Sunday, September 7, 2014


In Book 1 of The Republic justice is the main discussion between the men. Each man seems to give his descriptions of justice, and Socrates picks out every flaw in each definition. Each time someone explains their definition, they slowly convince and by the end of the explanation, you are fully convinced that is the definition of justice, but Socrates rejects it. It is obviously annoying, but by the time the next man starts explaining you get over it because he convinces you of his way.

 One of the points that stuck out to me was returning the weapon to the madman part. Even though the man is mad, the weapon is still rightfully his and justice would be to give the weapon back, but would injustice be better in this case? I think that is super interesting to think about. Like connecting to that, can justice be bad but still be justice? That was one of the questions we asked in our small discussion groups, and that really made me think. Can justice be unjust? Giving the mad man his weapon back would be be bad, but it is still technically justice, because this is the man's weapon, but that could be harmful to more people. So many different opinions on that part, which I like.

 Justice for me, is just following the law and rewarding people and punishing people when needed. I do not think that it is different for every case. The law is the law and I think instead of biasing our opinions on every single case, the people who determine their consequences or rewards, should go by the law and only that. There should be no special treatment for anyone because of their race or gender. The Trayvon Martin case was a very good example of special treatment for race. In our society today there is a lot of controversy over whether or not race plays a part in how we decide outcomes of cases. Although there are many different opinions on that case specifically, I believe that there should be no special treatment and if you did something wrong, your race should not matter you should be punished same as everyone else.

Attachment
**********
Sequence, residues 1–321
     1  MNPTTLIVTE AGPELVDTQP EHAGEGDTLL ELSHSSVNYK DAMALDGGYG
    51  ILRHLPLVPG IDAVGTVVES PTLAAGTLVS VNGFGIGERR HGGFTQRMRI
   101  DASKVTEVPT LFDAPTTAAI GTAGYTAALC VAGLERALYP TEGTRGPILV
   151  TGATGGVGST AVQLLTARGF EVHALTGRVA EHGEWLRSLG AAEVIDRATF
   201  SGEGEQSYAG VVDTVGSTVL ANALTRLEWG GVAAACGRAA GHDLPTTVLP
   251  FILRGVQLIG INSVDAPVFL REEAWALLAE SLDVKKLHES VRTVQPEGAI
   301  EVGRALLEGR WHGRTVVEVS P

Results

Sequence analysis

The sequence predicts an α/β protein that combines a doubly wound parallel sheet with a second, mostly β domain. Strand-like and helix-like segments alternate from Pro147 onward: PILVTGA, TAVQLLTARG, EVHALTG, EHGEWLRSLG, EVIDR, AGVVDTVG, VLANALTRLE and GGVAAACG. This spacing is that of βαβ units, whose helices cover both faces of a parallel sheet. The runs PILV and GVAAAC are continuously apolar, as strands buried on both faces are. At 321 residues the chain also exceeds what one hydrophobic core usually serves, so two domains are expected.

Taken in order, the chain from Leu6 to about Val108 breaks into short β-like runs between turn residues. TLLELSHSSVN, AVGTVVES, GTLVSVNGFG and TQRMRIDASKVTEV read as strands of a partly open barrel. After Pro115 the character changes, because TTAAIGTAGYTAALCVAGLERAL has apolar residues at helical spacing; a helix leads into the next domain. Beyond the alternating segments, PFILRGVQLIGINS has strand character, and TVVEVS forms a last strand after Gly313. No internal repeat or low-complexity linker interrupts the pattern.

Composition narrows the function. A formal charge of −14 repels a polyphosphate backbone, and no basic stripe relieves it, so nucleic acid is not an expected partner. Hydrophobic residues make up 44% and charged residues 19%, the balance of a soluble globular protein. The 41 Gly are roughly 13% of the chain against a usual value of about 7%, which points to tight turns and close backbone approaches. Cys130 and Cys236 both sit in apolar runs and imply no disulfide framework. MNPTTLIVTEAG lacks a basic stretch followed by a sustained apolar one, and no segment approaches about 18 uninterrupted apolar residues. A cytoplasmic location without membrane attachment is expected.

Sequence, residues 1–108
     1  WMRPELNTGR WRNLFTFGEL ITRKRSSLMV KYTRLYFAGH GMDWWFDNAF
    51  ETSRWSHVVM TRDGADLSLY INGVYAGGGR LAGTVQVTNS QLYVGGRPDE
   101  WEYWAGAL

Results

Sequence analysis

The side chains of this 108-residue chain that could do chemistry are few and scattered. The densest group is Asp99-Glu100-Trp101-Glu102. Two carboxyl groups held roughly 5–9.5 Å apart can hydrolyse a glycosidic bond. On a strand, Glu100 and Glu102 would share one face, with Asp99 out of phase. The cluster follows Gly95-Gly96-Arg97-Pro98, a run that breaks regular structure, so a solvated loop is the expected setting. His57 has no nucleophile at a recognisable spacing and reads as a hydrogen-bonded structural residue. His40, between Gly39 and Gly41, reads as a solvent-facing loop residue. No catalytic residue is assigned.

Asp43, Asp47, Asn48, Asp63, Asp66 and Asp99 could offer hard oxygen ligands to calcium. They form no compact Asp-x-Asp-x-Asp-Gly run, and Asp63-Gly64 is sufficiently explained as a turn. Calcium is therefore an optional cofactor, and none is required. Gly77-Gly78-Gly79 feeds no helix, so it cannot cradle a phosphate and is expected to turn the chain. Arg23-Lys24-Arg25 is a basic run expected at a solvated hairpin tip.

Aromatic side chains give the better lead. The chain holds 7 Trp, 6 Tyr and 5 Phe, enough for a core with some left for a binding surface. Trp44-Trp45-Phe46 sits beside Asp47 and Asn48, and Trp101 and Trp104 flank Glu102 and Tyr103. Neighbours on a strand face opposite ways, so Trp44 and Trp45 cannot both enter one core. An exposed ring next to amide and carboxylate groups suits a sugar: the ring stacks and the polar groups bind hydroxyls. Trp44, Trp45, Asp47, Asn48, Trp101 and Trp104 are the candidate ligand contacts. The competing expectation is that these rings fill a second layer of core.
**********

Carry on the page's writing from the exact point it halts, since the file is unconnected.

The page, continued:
Age is even iffy whether or not you should get special treatment. I think I am biased because I am under 18 that we should treat minors differently, but if someone under 18 kills a man, they should be given the same amount of consequences as a man who is over 18. The only exception in my mind to that is if they are deemed insane, which they should go to a mental hospital, and then serve their time there.

 That was obviously my own opinion above, and I hope readers will disagree and feel strongly about their definition of justice if it differs from my own.

1 comment:

  1. You do a good job of outlining the first chapter in your first paragraph. He sets up each person to basically refute their own arguments through the use of questions.

    You also make some great connections between justice and lawfulness. You show ways in which just actions could have unjust consequences, which is why we still need to have judges, lawyers, and juries today. None of these decisions are easy.